What do I do if a bill collector is threatening me?

UPDATED: Sep 18, 2010

Advertiser Disclosure

It’s all about you. We want to help you make the right legal decisions.

We strive to help you make confident insurance and legal decisions. Finding trusted and reliable insurance quotes and legal advice should be easy. This doesn’t influence our content. Our opinions are our own.

UPDATED: Sep 18, 2010Fact Checked

Get Legal Help Today

Compare Quotes From Top Companies and Save

secured lock Secured with SHA-256 Encryption

What do I do if a bill collector is threatening me?

I was contacted by a woman who said she was an investigator for a law firm. She said that Idefaulted on a on-line pay day loan in 2006. The on-line application contained all of my personal information but the middle 2 numbers of my social had been transposed. She was accusing me of identity theft. She said that she could not prove intent but could prosecute me for negligence, because the debt ended up on someone else’s credit report. She she was going to have me arrested and that I should contact an attorney. We were disconnected and I tried to call back several times to get more information.

Asked on September 18, 2010 under Bankruptcy Law, Texas


M.T.G., Member, New York Bar / FreeAdvice Contributing Attorney

Answered 12 years ago | Contributor

Familiarize yourself with the rules of conduct under the Fair Debt Collection Practices Act (FDCPA).   If in fact she was calling on behalf of or as a debt collector she could be in VERY big trouble.  Did you get her name?  You got her number.  Did she call from the firm or just state the name of the firm?  I would contact the law firm and ask for their fax number then write a letter and fax it to them indicating what happened and they are without a doubt violating the FDCPA and that you intend on reporting her, them and possibly filing a grievance.  See where that gets you.  And I would seriously consider reporting her.  Good luck.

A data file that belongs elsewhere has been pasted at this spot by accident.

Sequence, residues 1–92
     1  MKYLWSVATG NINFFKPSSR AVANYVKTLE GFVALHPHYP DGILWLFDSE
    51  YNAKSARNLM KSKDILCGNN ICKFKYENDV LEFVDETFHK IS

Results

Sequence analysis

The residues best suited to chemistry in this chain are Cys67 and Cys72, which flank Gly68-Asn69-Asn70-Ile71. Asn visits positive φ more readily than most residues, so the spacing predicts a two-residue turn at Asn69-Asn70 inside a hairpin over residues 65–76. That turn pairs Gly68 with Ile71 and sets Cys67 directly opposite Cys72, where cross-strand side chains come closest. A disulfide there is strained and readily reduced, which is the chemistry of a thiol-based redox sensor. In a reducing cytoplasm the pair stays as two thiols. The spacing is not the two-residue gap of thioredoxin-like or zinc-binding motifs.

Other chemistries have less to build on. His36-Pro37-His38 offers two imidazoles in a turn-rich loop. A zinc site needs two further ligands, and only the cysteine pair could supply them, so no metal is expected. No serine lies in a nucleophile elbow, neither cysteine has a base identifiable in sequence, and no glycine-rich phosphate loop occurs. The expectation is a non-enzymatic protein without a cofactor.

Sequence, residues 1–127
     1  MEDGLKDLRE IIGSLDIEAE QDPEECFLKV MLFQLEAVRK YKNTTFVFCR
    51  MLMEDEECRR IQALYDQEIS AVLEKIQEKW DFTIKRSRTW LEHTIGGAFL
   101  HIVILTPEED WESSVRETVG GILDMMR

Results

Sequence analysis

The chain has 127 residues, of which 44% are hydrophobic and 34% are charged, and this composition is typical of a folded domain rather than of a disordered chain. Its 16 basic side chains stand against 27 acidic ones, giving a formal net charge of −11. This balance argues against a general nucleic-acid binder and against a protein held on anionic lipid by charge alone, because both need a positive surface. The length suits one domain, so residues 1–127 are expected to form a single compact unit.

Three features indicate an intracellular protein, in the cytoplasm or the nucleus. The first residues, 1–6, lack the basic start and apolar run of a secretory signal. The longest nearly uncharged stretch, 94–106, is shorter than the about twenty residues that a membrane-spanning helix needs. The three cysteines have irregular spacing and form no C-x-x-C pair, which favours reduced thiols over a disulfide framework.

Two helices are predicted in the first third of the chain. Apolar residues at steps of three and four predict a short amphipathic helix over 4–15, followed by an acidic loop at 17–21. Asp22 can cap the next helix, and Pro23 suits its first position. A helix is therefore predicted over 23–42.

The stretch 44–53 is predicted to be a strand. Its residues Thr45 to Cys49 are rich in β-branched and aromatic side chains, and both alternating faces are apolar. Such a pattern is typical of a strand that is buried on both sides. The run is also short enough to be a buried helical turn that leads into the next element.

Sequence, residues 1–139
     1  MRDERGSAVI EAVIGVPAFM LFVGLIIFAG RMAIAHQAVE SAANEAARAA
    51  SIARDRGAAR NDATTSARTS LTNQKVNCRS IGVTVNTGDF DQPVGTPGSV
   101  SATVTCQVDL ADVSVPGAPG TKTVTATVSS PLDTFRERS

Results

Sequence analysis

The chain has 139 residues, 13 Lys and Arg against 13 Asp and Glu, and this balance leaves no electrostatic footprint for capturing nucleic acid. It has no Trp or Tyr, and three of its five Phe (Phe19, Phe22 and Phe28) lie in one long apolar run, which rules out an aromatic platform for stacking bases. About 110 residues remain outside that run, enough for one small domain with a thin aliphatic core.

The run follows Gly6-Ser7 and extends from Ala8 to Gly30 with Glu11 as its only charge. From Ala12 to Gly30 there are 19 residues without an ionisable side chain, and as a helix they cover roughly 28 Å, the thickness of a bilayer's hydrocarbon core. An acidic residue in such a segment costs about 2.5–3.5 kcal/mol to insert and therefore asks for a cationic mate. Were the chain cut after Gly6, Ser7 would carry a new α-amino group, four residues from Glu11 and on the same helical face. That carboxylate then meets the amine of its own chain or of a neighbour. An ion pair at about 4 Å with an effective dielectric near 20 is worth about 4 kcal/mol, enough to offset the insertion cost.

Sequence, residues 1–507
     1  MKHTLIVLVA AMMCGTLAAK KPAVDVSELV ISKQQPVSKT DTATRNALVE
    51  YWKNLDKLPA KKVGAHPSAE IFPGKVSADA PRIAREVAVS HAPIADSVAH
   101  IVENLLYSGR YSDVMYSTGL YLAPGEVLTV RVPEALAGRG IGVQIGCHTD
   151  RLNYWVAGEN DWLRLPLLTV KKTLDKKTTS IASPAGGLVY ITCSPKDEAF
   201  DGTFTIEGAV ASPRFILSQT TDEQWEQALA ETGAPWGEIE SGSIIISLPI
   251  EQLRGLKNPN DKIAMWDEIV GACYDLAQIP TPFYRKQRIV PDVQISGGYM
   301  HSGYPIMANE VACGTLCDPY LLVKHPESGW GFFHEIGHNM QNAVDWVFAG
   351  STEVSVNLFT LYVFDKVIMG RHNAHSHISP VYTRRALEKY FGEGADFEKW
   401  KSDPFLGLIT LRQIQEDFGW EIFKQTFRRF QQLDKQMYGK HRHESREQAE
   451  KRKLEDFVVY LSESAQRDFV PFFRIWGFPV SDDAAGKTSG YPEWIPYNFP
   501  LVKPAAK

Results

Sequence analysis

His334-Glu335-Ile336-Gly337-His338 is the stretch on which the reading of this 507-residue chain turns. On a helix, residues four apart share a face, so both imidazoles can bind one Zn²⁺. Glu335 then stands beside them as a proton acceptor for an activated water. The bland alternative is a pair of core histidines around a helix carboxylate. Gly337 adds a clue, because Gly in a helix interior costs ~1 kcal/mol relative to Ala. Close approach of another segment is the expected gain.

IMPORTANT NOTICE: The Answer(s) provided above are for general information only. The attorney providing the answer was not serving as the attorney for the person submitting the question or in any attorney-client relationship with such person. Laws may vary from state to state, and sometimes change. Tiny variations in the facts, or a fact not set forth in a question, often can change a legal outcome or an attorney's conclusion. Although AttorneyPages.com has verified the attorney was admitted to practice law in at least one jurisdiction, he or she may not be authorized to practice law in the jurisdiction referred to in the question, nor is he or she necessarily experienced in the area of the law involved. Unlike the information in the Answer(s) above, upon which you should NOT rely, for personal advice you can rely upon we suggest you retain an attorney to represent you.

Get Legal Help Today

Find the right lawyer for your legal issue.

secured lock Secured with SHA-256 Encryption